7. “When he heard of Aubrey’s ill health, he readily understood himself to be the cause of it:
    but when he learned that he was deemed insane, his exultation and pleasure could hardly be concealed from those among whom he had gained this information.”
    This excerpt is from Vampyre by John Polidori. I like this excerpt because it displays how evil and manipulative Lord Ruthven truly was.
    Lord Ruthven’s evilness is shown when he is described to have exultation and pleasure from hearing of Aubrey’s insanity.
    Aubrey’s insanity is caused by the manipulation and power Lord Ruthven has over Aubrey’s mind.
    Additionally, this excerpt shows how powerful Vampire’s control over human’s minds are even without physically harming them.
    The use of the word exultation shows that madness of Aubrey was a victory for Lord Ruthven.
    The language used in this excerpt displays the pleasure Lord Ruthven gets from harming his victims.

  8. “His English was quite gone now. In his anxiety he had forgotten that his only means of making me understand was to talk my language, so he jabbered away in his native German. It began to be a little tedious.”
    I like this part in “Dracula’s Guest” because I can see the similarities to the original 1931 “Dracula” movie. I don’t know how closely the movie and Bram Stoker’s novel relate but I still enjoyed that movie. Johann trying to warn the traveler not to continue on his journey is very similar to the village folk warning Renfield about going out at night. Also the way that Johann speaks in German despite the Englishman’s lack of understanding is exactly how the villagers react when warning Renfield the same. Even the carriage ride is very similar to the one in the film version.

  9. Thus fortified I might take my rest in peace. But dreams come through
    stone walls, light up dark rooms or darken light ones, and their persons make their exits and their entrances as they please, and laugh at locksmiths.
    (Joseph Sheridan LeFanu, Carmilla 1972) Page 46

    This passage is from “Carmilla” by Joseph Sheridan Le Fanu. I chose this excerpt because Le Fanu is describing how dreams or nightmares can steal your sleep from you. He personifies the dreams making them even more terrifying which I believe is truly interesting. Instead of describing night terrors and how they affect you when you awake or how they steal you of sleep, he talks about how they can “light up dark rooms,” as in make you feel a sort of joy if its a dream or “darken light ones,” as in make you feel uncomfortable or unsafe if its a nightmare. Not only does he describe what they can make you feel, but he also creates a sort of darkness within the passage by ending it with “their persons make their exits and entrances as they please,” this for me made it seem really dark because it is true. dreams can come and go whenever you least expect it and the fact that you can not stop them makes the passage seem even more unnerving.

  10. “With knowing it, I was now in a pretty advanced stage of the strangest illness under which mortal ever suffered. There was an unaccountable fascination in its earlier symptoms that more than reconciled me to the incapacitating effect of that stage of the malady. This fascination increased for a time, until it reached a certain point, when gradually a sense of the horrible mingled itself with it, deepening, as you shall hear, until it discolored and perverted the whole state of my life, (Carmilla, page 51).”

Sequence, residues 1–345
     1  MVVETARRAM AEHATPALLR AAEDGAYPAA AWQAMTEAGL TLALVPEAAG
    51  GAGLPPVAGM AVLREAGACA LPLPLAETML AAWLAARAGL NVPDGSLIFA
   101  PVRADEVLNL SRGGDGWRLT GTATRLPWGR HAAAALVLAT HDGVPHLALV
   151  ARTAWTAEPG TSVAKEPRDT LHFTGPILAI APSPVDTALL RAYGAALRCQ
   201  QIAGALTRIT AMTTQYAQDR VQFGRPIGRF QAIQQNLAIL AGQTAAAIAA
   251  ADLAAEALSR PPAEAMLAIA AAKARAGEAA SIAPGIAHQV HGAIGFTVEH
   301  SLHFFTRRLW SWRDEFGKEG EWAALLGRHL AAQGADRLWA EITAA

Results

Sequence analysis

I like this passage because it emphasizes the oddity of the sensations Laura feels. I find it interesting how the author compares Carmilla’s negative effect on Laura to an illness because we think of illnesses as lingering, exhausting, and potentially fatal. I’m also intrigued by the way Laura is magnetically drawn to the symptoms she has acquired through Carmilla’s power, even though these symptoms end up nearly killing her. What I love most about this passage is how it summarizes Laura’s overall attraction for Carmilla becoming overpowered by a sense of disgust and fear.

  11. “She used to place her pretty arms about my neck, draw me to her, and laying her cheek to mine, murmur with her lips near my ears, “Dearest, your little heart is wounded; think me not cruel because I obey the irresistible law of my strength and weakness; if your dear heart is wounded, my wild heart bleeds with yours. In the rapture of my enormous humiliation I live in your warm life, and you shall die– die, sweetly die– into mine. I cannot help it; as I draw near to you, you, in turn, will draw near to others, and learn the rapture of that cruelty, which yet is love; so for a while, seek to know no more of me and mine, but trust me with all your loving spirit.”

    This passage from Le Fanu’s Carmilla was the one that caught my interest. It allows us to see how Carmilla acts with Laura early on, yet it brings foreshadowing. “You shall die– die, sweetly die– into mine”, shows how Carmilla is certain of how far her bond with Laura will go, to the point where their lives could be interchangeable, being one. It also hints at Carmilla’s true intentions with Laura, willing to give her a “sweet” death. The passage also shows Carmilla’s manipulation, with her saying that she will be with Laura even through pain, as long as she does not continue to ask about her past.